News: Building a strong foundation for the Kabul Base Cluster
Story by Staff Sgt. James Lally
KABUL, Afghanistan — Massachusetts Army National Guard engineers supervised a building construction project on Camp Phoenix Sept. 27, 2011.
Task Force Yankee’s General Engineering Department was on-site to ensure that the 335th Signal Company’s new building was being built on time and to standard.
As the command and control element for the 11 bases that make up the Kabul Base Cluster, Task Force Yankee provides security, service, support and policy guidance for more than 9,000 U.S. service members. More specifically, Task Force Yankee provides contract management and construction oversight.
The 26th’s G-Eng. provides facility engineering services, master planning, construction expertise and billeting management throughout the KBC in order to improve the quality of life for coalition forces.
“Here in General Engineering we design and oversee the construction of projects throughout the Kabul Base Cluster. Currently, there are 531 projects totaling $106 million that we oversee,” said 1st Lt. Vikram Mittal, design engineer and construction officer in charge of the G-Eng., Section, Task Force Yankee, 26th “Yankee” Brigade.
Mittal was on the scene to oversee the foundation being poured for a two-story relocatable building made from shipping containers to improve the 335th Signal Company’s office and housing space. The 335th has lacked the office space necessary for their mission.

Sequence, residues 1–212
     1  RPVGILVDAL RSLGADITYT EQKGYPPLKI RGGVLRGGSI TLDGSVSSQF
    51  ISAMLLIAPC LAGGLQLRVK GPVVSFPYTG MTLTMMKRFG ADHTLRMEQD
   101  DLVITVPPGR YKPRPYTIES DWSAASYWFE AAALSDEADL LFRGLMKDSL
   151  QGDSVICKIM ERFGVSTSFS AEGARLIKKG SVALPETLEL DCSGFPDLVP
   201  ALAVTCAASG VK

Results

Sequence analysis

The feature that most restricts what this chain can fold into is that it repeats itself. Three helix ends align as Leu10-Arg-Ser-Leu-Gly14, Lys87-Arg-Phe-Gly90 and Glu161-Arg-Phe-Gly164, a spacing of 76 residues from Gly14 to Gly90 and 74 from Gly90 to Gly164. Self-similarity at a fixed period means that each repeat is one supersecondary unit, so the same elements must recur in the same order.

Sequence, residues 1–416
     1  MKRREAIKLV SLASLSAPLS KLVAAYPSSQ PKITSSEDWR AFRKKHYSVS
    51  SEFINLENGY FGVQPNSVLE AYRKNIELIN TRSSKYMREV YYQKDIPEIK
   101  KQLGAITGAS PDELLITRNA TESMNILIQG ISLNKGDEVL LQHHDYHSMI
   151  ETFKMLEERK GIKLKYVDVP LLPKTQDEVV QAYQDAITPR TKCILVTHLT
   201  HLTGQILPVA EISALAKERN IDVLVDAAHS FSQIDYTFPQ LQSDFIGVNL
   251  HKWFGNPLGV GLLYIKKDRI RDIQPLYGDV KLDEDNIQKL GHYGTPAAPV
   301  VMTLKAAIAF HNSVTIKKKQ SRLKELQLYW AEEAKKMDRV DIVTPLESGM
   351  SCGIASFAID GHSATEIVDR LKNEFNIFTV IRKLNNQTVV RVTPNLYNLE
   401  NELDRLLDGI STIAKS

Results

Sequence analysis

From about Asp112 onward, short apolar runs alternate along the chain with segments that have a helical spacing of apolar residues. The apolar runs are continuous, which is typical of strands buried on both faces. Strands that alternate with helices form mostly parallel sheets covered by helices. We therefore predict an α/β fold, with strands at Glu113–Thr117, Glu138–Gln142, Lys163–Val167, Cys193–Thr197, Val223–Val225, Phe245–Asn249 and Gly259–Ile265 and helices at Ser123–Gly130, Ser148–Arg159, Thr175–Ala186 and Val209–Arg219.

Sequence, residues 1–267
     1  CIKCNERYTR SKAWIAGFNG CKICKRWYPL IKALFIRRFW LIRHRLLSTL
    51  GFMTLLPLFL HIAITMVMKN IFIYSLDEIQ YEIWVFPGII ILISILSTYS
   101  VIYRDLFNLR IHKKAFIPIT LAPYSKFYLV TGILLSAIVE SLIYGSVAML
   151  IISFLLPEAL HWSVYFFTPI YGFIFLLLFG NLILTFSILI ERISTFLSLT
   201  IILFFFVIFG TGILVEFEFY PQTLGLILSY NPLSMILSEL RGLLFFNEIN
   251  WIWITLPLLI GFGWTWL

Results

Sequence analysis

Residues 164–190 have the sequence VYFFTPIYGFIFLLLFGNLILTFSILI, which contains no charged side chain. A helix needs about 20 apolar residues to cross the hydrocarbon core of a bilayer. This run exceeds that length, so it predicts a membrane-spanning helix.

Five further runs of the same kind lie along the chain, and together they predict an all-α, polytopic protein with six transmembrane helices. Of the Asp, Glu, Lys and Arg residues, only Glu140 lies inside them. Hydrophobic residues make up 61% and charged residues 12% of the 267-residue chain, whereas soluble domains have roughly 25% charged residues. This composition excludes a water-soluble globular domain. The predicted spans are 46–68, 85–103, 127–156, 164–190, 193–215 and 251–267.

Mittal is more than qualified to inspect cement footings. He earned an undergraduate degree in aeronautics from the California Institute of Technology, a master’s in aerospace engineering from the University of Oxford, and a Ph.D. in mechanical engineering from the Massachusetts Institute of Technology. Back home in Massachusetts, Mittal is a senior mechanical engineer at Draper Laboratories in the vehicles and robotics group.
At the site, Mittal discussed the status of the rest of the RLBs, such as the actual containers and doors with the Afghan contractor. “The RLB concept allows a building to be constructed faster because while the foundation is being poured and dried, most of the rest of the work can be done simultaneously off-site,” Mittal said.
RLBs are a series of prefabricated metal containers that are placed on a concrete foundation and connected together. Doors and air conditioning units can be installed on-site to prevent damage during shipping.
Describing the overall progress of the project, Mittal said, “It’s going pretty well. The contractor seems eager to get the job done and do a good job. It should be a nice building when it’s done.”